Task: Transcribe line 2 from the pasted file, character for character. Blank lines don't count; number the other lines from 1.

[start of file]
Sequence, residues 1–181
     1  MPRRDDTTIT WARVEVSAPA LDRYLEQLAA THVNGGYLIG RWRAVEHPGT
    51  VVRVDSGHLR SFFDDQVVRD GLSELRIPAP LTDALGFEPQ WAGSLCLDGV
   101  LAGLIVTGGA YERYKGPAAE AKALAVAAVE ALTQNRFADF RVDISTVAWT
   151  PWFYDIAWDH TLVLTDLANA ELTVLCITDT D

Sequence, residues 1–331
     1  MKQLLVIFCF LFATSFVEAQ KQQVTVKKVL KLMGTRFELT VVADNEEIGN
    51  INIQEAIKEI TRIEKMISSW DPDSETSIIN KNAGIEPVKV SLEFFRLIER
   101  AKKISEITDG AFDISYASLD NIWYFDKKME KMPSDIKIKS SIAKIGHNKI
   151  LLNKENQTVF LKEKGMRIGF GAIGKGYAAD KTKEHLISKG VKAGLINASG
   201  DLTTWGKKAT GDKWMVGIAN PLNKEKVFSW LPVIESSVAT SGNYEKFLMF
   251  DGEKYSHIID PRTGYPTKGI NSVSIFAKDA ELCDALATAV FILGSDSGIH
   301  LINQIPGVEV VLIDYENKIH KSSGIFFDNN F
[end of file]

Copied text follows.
     1  MPRRDDTTIT WARVEVSAPA LDRYLEQLAA THVNGGYLIG RWRAVEHPGT